Monday, 7 March 2011

parsley thief

Gourmand and recipe blog Food 52 (via Huffington Post) shares an array of dishes with sophisticated taste yet very simple to prepare, provided one can overcome the dual hitches of unfamiliarity and cooking languor. Recipe searches that can round-up, given a list of ingredients at hand, dinner ideas are clever things and sometimes motivational, but perhaps without an assigned challenge, one is too quick to fall back into old habits. I like how this one site takes the extra step, to ensure excuses are at a premium, of listing substitute items--acceptable alternatives instead of just shopping to the recipe.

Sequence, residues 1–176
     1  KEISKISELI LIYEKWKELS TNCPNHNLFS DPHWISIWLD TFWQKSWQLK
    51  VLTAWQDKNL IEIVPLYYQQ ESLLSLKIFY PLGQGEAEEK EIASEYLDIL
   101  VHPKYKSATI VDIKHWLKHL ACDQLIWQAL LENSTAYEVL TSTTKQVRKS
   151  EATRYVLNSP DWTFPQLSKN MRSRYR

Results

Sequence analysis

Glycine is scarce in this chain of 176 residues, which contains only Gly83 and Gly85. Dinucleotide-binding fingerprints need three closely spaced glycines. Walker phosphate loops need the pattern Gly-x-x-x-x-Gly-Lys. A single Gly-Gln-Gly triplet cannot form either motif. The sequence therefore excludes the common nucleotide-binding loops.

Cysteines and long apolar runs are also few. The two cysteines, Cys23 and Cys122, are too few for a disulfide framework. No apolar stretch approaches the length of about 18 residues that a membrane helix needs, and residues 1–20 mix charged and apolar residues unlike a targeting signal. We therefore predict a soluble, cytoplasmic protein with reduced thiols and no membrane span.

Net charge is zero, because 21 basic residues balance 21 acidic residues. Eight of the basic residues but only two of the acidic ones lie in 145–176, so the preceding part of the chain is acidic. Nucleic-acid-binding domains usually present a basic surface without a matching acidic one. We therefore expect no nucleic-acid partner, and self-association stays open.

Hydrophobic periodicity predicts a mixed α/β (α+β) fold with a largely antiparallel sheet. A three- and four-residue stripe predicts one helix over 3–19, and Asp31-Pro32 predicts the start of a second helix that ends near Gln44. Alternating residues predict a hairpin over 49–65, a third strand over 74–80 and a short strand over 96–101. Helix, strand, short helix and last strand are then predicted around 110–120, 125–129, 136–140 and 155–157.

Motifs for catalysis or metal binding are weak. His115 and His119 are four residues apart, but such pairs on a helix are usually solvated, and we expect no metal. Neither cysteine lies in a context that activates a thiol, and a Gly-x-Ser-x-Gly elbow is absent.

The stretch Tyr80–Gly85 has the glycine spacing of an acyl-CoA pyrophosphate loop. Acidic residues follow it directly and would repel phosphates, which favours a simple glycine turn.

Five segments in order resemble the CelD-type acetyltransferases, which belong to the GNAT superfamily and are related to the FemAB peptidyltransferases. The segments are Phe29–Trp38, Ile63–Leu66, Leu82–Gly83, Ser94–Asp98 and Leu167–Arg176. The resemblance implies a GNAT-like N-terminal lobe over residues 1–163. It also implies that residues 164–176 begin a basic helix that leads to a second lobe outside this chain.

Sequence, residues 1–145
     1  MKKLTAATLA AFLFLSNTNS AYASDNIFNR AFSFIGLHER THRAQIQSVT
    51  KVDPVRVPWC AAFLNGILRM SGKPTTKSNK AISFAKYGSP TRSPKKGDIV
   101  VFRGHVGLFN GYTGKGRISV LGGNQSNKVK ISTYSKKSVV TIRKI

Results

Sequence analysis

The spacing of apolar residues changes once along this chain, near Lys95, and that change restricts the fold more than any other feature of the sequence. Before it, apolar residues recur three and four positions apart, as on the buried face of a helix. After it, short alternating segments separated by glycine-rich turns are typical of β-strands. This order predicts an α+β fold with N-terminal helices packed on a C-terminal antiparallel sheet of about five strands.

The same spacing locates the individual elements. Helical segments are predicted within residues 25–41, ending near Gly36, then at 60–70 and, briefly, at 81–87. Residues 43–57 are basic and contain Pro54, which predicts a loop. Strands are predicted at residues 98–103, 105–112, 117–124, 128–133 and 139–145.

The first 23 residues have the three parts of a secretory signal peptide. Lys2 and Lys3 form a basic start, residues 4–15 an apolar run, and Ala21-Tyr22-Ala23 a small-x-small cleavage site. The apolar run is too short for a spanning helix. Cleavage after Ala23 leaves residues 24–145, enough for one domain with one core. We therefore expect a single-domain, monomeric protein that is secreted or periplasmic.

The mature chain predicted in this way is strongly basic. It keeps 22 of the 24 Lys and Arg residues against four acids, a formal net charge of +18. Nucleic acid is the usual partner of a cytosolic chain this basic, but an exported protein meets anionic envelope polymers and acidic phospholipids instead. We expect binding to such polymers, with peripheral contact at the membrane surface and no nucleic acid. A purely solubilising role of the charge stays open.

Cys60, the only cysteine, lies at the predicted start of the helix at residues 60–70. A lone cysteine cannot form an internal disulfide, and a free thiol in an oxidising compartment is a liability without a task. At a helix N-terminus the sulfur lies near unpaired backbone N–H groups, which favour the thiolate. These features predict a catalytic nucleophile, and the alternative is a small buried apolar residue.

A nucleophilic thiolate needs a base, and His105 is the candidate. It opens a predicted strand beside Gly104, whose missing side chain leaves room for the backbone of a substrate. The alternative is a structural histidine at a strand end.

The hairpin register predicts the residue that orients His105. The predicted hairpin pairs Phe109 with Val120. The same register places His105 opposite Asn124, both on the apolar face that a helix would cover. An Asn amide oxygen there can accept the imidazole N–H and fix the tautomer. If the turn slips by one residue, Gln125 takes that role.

Maybe the more obvious draw-back--hitch, however, is that these meals are poised to promote the vegetarian agenda--at least that's what the take-away is. Food is political and politicized enough without the appeal to meatless Mondays, which to many sounds like a dire austerity, an anachronistic sacrifice, and not like the invitation it really is to take smaller steps. Despite whatever flurry and preponderance of facts about sustainability is heard or ignored and whatever the individual's belief and convictions, attitudes and not the means, like so much genetically modified cropstuffs, climate change or fields of grain diverted as fuel-filler, should be what's weaponized. Quinoa will always seem a bit exotic and inaccessible, and that's not necessarily a bad thing, but experimentation won't be broached with something on such a short and divisive fuse. Cuisine should not be ceded to the apothecary or potentate--or vice-versa. The art and activity of cooking is an achievement, regardless of one's talents and propensities, and expression but should not be mobbed with opinion and vitriol. There are a good deal of recipes that can reflect one's stance and conduct, without alienating the conscience and scruples of others, just by what's omitted. Menu reduction and replacement might also be interesting food experiment.